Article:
General Abdel Fattah el-Sisi (pictured above) promised he would reform the Egyptian school texts and curriculum, and according to Marcus Sheff of the NGO IMPACT-se, he has kept his word. Over the past five years, since 2018, year by year he has systematically changed the textbooks and curriculum, one year at a time, beginning with Grade One, and now those new textbooks are available for Grades One through Five. More on this welcome news is here: “Reformed Egyptian curriculum promotes coexistence, democracy,” Jerusalem Post, April 24, 2023:
Egyptian textbooks that have been replaced as part of a reform of the country’s curriculum promote coexistence, equality and democracy, although there is still work to be done to remove prejudiced and antisemitic content from the education system, according to a report by IMPACT-se published on Sunday. [April 23]
In 2018, the Egyptian education system, the largest education system in the Arab world, began a year-by-year reform of its curriculum, starting with the first grade and proceeding a grade each year. As of 2023, the reform reached the fifth grade.
The textbooks that have been reformed so far promote tolerance and coexistence between Islam, Judaism and Christianity, including by noting that Kosher food is also Halal.
El-Sisi’s promise to make changes to Egyptian schoolbooks has been steadily fulfilled, one year at a time, so as not to arouse wholesale opposition from the fanatics who are always ready to be alarmed by any signs of decency toward Jews and Israel, including the excision or dilution of the antisemitism and anti-Israel messaging they are quite content should remain in the schoolbooks forever. Compare El-Sisi’s promises, systematically being made good on, to the promises that UNRWA makes every year to its donors, that this year, at long last, it will revise its textbooks, and then, as always, it never does. UNRWA schoolbooks are still full of hair-raising antisemitism, at every level, and the books used in the schools of the Palestinian Authority, when they are different from those in the UNRWA schools, are not any better. But Egypt has been different. El-Sisi was determined to keep his word and improve Egyptian schoolbooks. There is now more discussion in Egyptian schoolbooks about the need for tolerance and coexistence among adherents of the three Abrahamic religions, rather than the preaching of endless Jihad against non-Muslims. Even kosher and halal food are discussed, in order to encourage little Egyptians to see similarities between the Islamic and the Jewish dietary rules.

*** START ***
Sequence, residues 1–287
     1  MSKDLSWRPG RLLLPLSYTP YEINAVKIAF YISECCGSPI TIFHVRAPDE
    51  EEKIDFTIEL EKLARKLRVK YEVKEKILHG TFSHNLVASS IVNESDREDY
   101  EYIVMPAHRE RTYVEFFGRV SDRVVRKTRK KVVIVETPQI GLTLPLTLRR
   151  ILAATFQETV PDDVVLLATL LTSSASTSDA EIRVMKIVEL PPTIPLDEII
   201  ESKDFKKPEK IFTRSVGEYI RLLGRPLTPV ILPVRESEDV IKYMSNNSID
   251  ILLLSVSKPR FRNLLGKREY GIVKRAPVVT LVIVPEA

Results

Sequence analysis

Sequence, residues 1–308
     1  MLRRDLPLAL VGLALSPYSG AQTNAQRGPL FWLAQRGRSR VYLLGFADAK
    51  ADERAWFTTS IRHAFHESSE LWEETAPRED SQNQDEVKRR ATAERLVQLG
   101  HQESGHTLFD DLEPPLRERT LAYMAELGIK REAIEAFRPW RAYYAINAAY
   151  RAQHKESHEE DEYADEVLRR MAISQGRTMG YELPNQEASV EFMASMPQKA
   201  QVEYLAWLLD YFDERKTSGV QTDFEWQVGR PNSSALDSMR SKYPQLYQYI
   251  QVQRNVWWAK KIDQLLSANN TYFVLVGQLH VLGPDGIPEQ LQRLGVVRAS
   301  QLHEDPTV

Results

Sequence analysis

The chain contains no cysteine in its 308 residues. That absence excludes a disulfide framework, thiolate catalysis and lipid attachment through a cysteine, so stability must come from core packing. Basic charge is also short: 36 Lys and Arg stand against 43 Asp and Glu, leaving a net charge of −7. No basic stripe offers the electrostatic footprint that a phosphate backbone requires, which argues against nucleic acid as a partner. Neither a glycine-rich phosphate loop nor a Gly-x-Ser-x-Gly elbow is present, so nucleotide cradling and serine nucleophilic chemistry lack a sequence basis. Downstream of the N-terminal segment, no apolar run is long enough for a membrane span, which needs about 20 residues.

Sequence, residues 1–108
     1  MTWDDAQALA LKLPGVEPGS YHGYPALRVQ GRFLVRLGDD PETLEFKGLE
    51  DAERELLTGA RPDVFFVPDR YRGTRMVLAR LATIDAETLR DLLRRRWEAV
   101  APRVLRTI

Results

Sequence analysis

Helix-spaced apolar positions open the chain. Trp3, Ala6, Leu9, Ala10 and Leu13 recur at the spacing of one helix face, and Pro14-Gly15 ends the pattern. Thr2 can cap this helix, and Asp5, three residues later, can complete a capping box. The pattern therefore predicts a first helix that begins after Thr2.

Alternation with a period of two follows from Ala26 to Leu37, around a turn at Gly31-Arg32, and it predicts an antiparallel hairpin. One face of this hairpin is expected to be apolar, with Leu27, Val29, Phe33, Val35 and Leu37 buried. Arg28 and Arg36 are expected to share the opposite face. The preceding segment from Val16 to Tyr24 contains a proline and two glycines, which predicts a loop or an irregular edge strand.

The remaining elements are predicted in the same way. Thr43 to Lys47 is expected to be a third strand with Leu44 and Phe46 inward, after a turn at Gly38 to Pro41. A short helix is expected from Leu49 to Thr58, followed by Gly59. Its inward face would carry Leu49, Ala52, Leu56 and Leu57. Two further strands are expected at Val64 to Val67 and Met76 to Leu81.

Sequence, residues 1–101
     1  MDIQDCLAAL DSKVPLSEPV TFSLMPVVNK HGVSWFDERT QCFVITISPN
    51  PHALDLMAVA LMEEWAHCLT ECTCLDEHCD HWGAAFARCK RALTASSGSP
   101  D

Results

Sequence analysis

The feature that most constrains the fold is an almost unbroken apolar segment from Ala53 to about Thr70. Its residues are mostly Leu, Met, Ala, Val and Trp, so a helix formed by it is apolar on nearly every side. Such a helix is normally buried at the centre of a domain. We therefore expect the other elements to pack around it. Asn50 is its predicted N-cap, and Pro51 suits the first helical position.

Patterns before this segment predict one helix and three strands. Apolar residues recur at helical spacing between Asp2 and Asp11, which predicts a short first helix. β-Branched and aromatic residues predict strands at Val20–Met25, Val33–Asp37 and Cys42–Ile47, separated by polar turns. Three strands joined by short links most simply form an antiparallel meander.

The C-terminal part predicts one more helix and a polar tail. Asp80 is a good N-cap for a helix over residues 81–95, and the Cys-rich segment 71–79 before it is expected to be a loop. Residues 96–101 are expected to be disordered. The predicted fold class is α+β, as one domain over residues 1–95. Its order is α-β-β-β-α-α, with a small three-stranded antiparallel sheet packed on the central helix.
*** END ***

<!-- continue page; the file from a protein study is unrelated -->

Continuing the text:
The Holocaust is still not taught in the Egyptian curriculum and there is very little content on Jewish history in general, except for stories about Moses and the Jews in Alexandria.
It makes sense that in this presentation of Jewish history — at a level suitable for elementary school children, who cannot absorb much more – the entrancing story of Moses in Egypt, discovered amidst the bulrushes, and then raised by, the daughter of Pharoah, be taught, blending Egyptian and Jewish history. And then the stirring story of the Jews of Alexandria, who lived in the city from its very beginning, when it was founded by Alexander the Great in 332 B.C. There is much for these young students to learn about the Jews of Alexandria. They played a crucial role in the political, economic, and religious life of the city during both the Hellenistic and Roman periods. They constituted 35% of the population during the Roman era. Many important Jewish figures lived or studied in Alexandria, including the philosopher Philo and the historian Josephus. And while the Jews of the city suffered during its Roman era, after the Muslim conquest of Egypt the Jewish population increased to about 400,000 – a fact that no doubt is was included in those elementary school textbooks to make the point that “Jews again flourished in Alexandria under the city’s benign Muslim rule.” Every favorable mention of Jews is tied to a story about Egyptian or Muslim magnanimity.